Saturday, 11 August 2012

Short Story Challenge 5 - Garden of the Seventh Circle

      The ivy had continued to grow since I had left the village, now hiding the doorway behind it. But if you looked hard enough, and knew what you were looking for, you could just make out the faint outline of the archway – the framing of brickwork around the door, almost completely concealed behind a mask of dark green foliage.

      My fingers brushed the leaves gently as I slowly followed the wall down until I reached the door. The whole estate was so overgrown. I had lost count of the years that had come and gone since I was last here – it seemed a lifetime ago. And yet as I approached the hidden doorway, memories inched their way back in to my mind, one by one. Laughter in the sun. The smell of her chestnut hair. The twinkling of the silver bracelet in the water.

      I stopped and shut my eyes, taking a deep breath to compose myself. My hand trembled ever so slightly as I reached into the pocket of my overcoat, feeling for the cold iron of the key within. I had to do this. There was no turning back – nothing to go back to. Taking out the large ornate key with one hand, the other felt out in front of me, pushing aside the leaves and roots to gradually reveal the doorway. The keyhole was blocked with cobwebs and dirt, but nothing really to prevent me from gaining access. The lock turned with a stubborn scrape and click like it always had done – like I had never been away.
      Placing both hands against the darkened wood I pushed. Nothing. For a moment my heart leapt. Perhaps the door wouldn't open anymore. Perhaps it was meant to stay shut and I was suppose to just walk away and never come back. If I couldn’t get in then that was that, right? It was out of my hands…
      Unacceptable. This was the reason I was here – I couldn't let my cowardice get the better of me this time. With a renewed resolve I shoved the door again, hard. There was a soft earthy scraping – as if a seal was being broken, and the door started to open inwards. Once the gap was wide enough to squeeze through, I stepped into the cool shade beyond.

      The hedge corridor had become an ugly mutation of itself. Once neatly trimmed with a pleasing angular appearance, it now stretched up high above me, wild in all directions, its stiff branches clawing at me with gnarled knuckles as I slowly pushed my way through it. Most of the sunlight was blocked out and yet it felt hot and stifling. This path was once an open, bright and relaxing place but it was now only oppressive and suffocating. There was once a time when you could hear nothing but the rustling of the breeze or the chirping of small birds. Now it was all contained and muted – as if I could hear the squirming of the worms and insects crawling in the dirt and the hedges around me, having been disturbed from their deathly slumber by my intrusion.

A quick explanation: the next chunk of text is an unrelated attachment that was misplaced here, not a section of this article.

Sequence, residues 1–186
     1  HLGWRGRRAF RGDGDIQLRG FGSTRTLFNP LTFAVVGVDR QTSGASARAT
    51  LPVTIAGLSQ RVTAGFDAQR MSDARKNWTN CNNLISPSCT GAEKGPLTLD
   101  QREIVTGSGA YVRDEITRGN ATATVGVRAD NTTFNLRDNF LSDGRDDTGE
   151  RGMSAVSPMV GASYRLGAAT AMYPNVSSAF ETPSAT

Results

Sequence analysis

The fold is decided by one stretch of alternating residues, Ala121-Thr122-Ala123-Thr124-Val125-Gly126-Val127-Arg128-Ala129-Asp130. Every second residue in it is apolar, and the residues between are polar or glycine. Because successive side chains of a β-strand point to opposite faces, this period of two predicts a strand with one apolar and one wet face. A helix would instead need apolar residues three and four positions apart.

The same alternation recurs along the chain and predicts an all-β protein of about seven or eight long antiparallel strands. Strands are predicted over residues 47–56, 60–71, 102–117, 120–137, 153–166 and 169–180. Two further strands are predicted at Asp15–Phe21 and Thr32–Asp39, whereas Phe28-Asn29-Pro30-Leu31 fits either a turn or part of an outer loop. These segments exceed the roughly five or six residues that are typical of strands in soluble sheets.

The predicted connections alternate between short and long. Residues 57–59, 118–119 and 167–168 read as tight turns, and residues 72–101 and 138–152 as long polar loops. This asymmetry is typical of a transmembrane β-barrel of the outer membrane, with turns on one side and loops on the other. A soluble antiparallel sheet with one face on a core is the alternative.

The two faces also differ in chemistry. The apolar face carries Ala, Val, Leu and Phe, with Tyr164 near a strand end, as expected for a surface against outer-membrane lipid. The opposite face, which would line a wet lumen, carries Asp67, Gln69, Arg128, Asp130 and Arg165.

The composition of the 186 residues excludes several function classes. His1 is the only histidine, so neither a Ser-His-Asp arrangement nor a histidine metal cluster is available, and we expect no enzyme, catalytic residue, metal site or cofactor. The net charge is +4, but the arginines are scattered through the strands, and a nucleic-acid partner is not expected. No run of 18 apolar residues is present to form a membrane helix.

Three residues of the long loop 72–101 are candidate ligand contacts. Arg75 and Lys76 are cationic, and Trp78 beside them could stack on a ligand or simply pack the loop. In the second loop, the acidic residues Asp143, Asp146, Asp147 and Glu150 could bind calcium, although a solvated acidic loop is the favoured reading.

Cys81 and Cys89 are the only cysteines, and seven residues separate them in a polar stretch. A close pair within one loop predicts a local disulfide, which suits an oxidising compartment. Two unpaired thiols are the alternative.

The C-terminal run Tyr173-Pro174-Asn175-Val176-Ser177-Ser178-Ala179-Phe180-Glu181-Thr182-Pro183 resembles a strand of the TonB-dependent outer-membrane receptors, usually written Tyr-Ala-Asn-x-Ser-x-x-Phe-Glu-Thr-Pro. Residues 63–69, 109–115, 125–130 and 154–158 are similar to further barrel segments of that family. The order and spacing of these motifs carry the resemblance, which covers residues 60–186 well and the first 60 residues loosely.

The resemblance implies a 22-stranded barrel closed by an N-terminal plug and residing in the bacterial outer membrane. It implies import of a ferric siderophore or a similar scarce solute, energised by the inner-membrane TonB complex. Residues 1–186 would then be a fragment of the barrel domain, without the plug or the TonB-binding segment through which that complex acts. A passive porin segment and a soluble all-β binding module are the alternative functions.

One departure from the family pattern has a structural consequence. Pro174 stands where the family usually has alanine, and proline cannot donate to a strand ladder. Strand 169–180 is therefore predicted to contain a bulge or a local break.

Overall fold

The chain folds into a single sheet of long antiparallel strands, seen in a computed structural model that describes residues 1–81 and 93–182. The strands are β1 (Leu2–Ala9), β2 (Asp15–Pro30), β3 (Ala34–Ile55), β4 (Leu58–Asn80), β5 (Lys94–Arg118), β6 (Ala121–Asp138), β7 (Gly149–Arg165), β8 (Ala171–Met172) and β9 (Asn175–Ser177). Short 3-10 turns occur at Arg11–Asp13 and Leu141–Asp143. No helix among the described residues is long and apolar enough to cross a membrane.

Pushing out of the hedge path, I had arrived at my destination. The pond in the middle of the overgrown garden lay there before me, stagnant and deceptively deep. Moss and lichen covered the surrounding rocks and the single statue that overlooked the scene. Once a serene angel – it now resembled a grotesque winged creature, looking down upon me with judgement in its eyes. It had bore witness to what I had done all those years ago and would never forget – even though I had tried to for so many years.
      The puckered white flesh of my beloved, flecked with droplets of moisture as she sobbed quietly. The arcs of thrashing water in the air, my arms straining as they held her under. The silver bracelet, still on her twisted wrist shimmering under the water as it caught the sunlight – lying so still.
      I wasn't scared. This was where my life had ended before. I mean truly ended. The rest of the time I had just been going through the motions, dead inside. Not being able to forgive, not being able to forget. Floating through this world like a ghost. The dinner parties, the cushy office, the award ceremonies – all meaningless. Empty. This was the only solace I could afford myself. The only justice I could see fit for my terrible secret.

      I had no idea how long had passed before I came to my senses again. Getting up from the stone bench I had been sitting on I slowly approached the water’s edge. It was green and fetid but I waded in knee deep, undeterred. I wanted to say something but the words to express how I felt had abandoned me.
      “I’m sorry”, was all that would come out, but this time I felt like I had truly meant it.
      As I drifted forward into murky suspension, I thought again about my beloved, back then when we had first met, when things were good. When the joy we shared was so sweet that it now seemed unreal - we didn't even know how fragile and fleeting it would be - how precious. As my lungs burned with righteous absolution I fancied I had caught a glimpse of shimmering silver, somewhere deep in the watery depths.

11th August 2012

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